The Anatomy of an Effective Marketing Email

by Dan Hughes

Posted on Jan 24, 2022

The Anatomy of an Effective Marketing Email

There are many ways to segment and customize your messaging to customers in the digital age with many platforms or touchpoints to explore, often the humble email remains a medium that delivers a significant return on investment (ROI) for businesses across sectors.

Here are some insights that prove the promotional power of email marketing:

It’s clear that email marketing is worth your time and investment. With this in mind, we've done the hard work for you and researched what it is that defines a successful email marketing campaign so you can not only focus on improving your key email metrics such as open rate, clickthrough rate (CTR) and conversion rate, but also the hidden metrics that can give you an edge.

Are You On The List?

Before we get started on sending out emails, we need someone to send them to—prospects that are most likely to engage with what you have to say, and offer.

To that end, it is vital to push email signups and to make that process easy. Ideally, you'll provide a signup box that only requires a user's name and email address.

The Anatomy of an Effective Marketing Email

You should host signup forms on your website (using a tool like HotJar to refine this user journey), your social channels and anywhere you have an online presence.

Many retail stores email receipts in order to grow their email lists while others offer samples or checkout discounts to those who sign up. Many American stores will take dates of birth in order to send out birthday emails – many of which contain vouchers.

From there, it is important that an expectation is set – does the customer know what to expect from you? Let them know roughly how often you plan to email and what those emails will contain. Otherwise, you will not turn that email into an open, a click or a sale.

It is then important to monitor the growth of your list and the rate at which those emails are actually being delivered.

If you don’t know how fast your email list is growing, you cannot measure the success of your email marketing efforts.

Likewise, it is pointless to gather email addresses that are going to dead accounts: make sure to monitor your delivery rate and ensure that your emails are going to live accounts.

Our guide to growing your email marketing database in a day (the lovable, inbound way) will give you essential tips and guide to developing your email subscriber base.

What Are You Trying To Do? And How Do You Do It?

Ross Callaghan, the head of digital marketing with insurance giant AIG says that the key to good email marketing is deciding exactly what it is you are trying to achieve with your email marketing efforts.

Or more importantly, what do you want the reader to do with the email? Some emails are pure sales others, like surveys are for customer data collection.

The Anatomy of an Effective Marketing Email

Whatever yours is for, make sure the mail is focused on that.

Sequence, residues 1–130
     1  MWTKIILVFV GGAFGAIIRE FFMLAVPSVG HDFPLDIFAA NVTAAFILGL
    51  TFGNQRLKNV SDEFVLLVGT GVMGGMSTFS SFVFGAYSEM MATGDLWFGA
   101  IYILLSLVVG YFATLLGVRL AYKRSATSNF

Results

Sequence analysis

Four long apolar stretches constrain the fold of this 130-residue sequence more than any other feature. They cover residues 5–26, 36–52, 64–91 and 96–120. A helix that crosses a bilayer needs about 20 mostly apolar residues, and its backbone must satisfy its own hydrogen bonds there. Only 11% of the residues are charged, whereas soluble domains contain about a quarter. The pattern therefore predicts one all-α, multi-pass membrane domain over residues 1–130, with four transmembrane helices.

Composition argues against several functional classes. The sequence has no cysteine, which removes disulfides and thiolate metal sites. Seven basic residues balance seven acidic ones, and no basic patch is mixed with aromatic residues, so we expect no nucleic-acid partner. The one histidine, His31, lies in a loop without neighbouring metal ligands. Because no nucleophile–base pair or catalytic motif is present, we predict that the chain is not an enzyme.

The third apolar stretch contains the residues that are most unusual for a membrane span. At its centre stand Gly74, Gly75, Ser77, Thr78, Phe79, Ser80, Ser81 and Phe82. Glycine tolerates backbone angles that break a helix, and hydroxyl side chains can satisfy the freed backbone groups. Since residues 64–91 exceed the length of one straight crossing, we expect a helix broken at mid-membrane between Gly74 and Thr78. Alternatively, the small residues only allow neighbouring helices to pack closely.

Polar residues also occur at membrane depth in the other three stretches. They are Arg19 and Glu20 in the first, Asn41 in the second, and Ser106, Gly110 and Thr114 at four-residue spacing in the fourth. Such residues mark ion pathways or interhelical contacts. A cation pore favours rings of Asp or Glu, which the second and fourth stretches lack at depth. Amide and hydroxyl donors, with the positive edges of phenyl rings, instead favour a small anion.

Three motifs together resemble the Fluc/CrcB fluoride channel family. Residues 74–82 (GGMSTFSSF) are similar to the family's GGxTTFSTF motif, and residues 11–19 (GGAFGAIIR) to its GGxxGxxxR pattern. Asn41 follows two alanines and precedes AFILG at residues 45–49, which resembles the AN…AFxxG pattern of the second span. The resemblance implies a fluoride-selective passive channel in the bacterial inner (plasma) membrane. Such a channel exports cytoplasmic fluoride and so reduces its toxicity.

“There’s two halves: getting people to open it (open rate) and getting people to click (click through rate). But the key is: Stay focused on what you want the customer to do,” says Callaghan.

But how?

“The main rule I follow is to always test as much as possible: different subject lines, different imagery or marketing messages.

“For open rates I personally have seen short subjects are better. One word can be really powerful for getting opens, so can saying something unexpected about your brand.

“The more out there you are, the more opens you'll get.

“In terms of content, single marketing messages usually increase CTR.

“Use striking imagery where possible but always, always, always use a call to action.”

What Works in Email, and Why?

Take a look at this email from PayPal. Why does it work as a marketing email?

The Anatomy of an Effective Marketing Email

1. Image choice

The image is striking, evocative but simple. 64% of email recipients prefer brand communications to feature imagery. Providing your images are relevant and striking without diluting your messaging or causing navigational confusion, graphics and pictures will enhance your performance. 

2. Subject Line

As Ross Callaghan mentioned, sometimes being a bit out there can affect the open rate. People generally aren’t expecting an email from PayPal telling them how to split money in a social situation. Most people find that process uncomfortable, anyway, so it’s a good way to make the email feel less about the product and more about the person.

3. It Adds Value

Even if this email is opened but not clicked through, the reader gains a measure of value. They are walked through the simplicity of the PayPal app and shown a potential use of the product, helping them to keep a lead warm even if they don't convert the first time. This can be done in many ways – show customers a new product, alert them to a potential saving or show them how to solve a common problem using your product.

4. It Inspires Action

The top and tail of the email directs the reader to “Learn about Sending and Receiving Money”. The email is designed to drive downloads of the app, but the call to action promises more than just that. They are clear and easily seen.